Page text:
>the outermost points of the dotted line, with maybe a few pixels extra.  
>But the 'shape-margin: 35px' pushes all the text away 35 pixels.  Sure, 
>we could assume that there's more image or a right margin large enough 
>to cover the shape-margin, but this is not what I would assume given the 
>visual and the CSS that accompanies it.

Yes, now that you point this out I agree the example is misleading. It should probably show the image bounds and have two renderings - the first showing how the shape is clipped with no margin applied, and a second showing the intended shape with an adequate margin applied.

>I also feel that Example 10, in not showing the edges of the float on 
>which the polygon shape has been hung, leaves readers without a sense of 
>the limits of shapes and their margins.  (Which, yes, the shape margin 
>is defined to create a whole new shape, but most people won't think of 
>it that way, just as almost nobody thinks of an element as being resized 
>by its margins.)

Here I intended the 100x100px sizing in the prose to give an idea of the bounds in which the shape is being drawn. Perhaps there should be width and height declarations in the code?

>In my ideal world, shapes would not be clipped by the margin box of the 
>float,  That would make the examples not misleading, and also be more 
>intuitive in general, since there's no obvious reason why shapes should 
>be clipped.  This could be partially accomplished by defining the 
>float's margin box to expand to cover the outermost points of the new 
>shape defined by the shape-margin, or wholly accomplished by simply 
>dropping the clipping behavior.

One last reason for clipping that I recall is that it *vastly* simplified float stacking when shapes are involved. Floats with shapes still stack using their margin boxes, so keeping the shape within the margin box means that stacking a float always keeps it on the same line or moves it down. If the margin box can be smaller than the shape, then float stacking might need to consider moving a stacked float up.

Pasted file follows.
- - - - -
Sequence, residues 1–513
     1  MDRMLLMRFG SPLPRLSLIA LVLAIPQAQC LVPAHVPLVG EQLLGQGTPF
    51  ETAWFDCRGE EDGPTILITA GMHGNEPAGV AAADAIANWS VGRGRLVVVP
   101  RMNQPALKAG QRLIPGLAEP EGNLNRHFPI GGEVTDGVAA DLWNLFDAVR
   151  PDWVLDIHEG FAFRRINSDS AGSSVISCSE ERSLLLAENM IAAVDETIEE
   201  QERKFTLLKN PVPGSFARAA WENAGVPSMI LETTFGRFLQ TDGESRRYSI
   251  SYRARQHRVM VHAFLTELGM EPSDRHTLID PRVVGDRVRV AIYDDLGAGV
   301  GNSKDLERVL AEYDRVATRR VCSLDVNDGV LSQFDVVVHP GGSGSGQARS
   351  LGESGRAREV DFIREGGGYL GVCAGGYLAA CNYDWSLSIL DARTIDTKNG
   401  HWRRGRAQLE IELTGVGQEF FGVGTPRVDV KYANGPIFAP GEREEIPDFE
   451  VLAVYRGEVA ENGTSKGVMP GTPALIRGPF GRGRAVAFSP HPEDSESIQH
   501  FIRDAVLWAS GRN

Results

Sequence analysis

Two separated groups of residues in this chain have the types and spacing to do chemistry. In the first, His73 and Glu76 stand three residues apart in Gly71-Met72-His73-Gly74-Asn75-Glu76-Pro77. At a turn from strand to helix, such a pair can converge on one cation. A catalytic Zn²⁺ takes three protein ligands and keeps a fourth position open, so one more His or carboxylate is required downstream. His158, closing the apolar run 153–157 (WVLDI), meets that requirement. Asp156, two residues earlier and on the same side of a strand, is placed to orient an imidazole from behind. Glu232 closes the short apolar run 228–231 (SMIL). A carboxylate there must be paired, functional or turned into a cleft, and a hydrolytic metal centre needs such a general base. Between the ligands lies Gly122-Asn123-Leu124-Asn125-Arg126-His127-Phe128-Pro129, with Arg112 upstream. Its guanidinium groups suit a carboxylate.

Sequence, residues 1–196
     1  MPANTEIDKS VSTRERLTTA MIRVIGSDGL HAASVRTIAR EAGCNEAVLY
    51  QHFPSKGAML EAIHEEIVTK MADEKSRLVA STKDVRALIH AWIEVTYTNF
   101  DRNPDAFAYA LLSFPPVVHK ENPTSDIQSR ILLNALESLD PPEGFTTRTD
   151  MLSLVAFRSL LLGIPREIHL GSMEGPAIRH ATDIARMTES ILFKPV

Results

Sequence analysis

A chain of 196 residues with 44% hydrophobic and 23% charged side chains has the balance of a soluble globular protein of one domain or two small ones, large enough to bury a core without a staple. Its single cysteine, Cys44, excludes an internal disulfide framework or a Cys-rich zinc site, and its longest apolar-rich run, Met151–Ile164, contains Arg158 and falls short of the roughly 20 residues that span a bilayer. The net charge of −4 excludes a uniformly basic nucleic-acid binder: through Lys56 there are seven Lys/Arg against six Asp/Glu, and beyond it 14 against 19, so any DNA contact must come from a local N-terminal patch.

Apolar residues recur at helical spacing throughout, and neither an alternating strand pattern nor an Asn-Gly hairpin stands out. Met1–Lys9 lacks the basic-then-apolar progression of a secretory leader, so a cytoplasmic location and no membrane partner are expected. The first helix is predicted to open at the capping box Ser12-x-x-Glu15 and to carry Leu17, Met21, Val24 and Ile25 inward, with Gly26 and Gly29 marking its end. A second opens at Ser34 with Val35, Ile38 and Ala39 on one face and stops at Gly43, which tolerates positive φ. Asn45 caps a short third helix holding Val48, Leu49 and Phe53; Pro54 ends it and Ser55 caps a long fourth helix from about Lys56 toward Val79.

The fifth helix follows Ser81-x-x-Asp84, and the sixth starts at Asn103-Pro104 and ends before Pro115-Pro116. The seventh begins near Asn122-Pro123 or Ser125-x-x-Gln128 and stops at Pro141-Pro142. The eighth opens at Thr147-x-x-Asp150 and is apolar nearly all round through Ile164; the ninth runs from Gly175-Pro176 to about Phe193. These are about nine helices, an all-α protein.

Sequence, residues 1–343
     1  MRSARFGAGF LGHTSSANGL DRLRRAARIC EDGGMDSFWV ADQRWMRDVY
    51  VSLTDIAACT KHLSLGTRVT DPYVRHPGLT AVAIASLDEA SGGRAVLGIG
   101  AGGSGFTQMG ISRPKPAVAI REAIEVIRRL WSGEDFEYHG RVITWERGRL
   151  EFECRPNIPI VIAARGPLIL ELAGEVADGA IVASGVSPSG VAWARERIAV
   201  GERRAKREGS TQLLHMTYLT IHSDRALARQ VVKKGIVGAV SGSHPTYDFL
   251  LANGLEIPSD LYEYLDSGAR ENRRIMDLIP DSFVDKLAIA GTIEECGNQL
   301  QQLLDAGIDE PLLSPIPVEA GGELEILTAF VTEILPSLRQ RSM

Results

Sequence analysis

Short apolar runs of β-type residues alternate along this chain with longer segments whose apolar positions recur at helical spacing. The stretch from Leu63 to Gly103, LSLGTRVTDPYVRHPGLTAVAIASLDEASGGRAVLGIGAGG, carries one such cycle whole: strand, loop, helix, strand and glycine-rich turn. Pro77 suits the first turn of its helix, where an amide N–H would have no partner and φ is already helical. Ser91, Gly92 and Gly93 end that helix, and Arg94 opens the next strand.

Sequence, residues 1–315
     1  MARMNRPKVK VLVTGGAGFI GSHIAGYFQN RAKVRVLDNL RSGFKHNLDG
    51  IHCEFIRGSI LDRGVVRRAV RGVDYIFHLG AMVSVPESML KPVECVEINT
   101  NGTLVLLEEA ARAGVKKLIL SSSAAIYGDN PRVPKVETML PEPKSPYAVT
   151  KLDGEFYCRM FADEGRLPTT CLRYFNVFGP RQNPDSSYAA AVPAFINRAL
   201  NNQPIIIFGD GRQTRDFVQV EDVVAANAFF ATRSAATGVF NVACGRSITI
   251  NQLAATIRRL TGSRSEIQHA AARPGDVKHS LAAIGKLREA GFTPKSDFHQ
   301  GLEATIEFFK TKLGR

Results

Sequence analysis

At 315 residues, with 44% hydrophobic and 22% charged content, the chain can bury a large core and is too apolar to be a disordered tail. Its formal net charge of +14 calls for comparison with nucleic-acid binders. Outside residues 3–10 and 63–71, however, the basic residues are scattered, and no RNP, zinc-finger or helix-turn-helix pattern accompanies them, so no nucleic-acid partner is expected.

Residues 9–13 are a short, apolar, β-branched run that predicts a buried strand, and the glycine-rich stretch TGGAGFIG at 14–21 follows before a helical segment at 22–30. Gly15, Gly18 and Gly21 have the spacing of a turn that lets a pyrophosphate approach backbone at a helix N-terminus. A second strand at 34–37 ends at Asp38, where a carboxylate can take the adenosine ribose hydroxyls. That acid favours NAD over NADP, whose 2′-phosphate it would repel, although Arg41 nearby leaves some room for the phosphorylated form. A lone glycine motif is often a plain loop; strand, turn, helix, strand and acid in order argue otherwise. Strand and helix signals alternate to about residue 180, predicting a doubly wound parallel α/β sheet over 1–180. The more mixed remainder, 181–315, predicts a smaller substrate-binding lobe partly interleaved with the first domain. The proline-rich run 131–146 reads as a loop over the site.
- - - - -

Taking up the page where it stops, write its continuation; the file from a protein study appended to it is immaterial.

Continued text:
Expanding a float’s margin box to accommodate a shape (with or without shape-margin) could avoid that problem, but it does complicate how margin boxes are constructed. I’d rather keep the margin box simple, and not have to explain how it’s affected by shape-outside and shape-margin. We’d also have cycles to deal with when the shape is *based* on the margin box.

>Failing that, I strongly recommend that Examples 10 and 11 be altered to 
>make visually clear where the floats' margin edges are placed, likely 
>with the addition of a declaration in Example 11.

This would be my preference. If you’re interested in making these changes, I’m all for it. But I can likely get to it some time in November after TPAC.

>I also (very) strongly recommend adding a new example that explicitly 
>demonstrates margin-box shape clipping, probably best placed in section 
>I'm willing to create the clarified figures and the new example, if 
>people agree with my reading of the specification and belief that 
>clarification is needed.
>[1] See the shape-related links on 
>Eric A. Meyer - http://meyerweb.com/


Received on Friday, 16 October 2015 19:06:39 UTC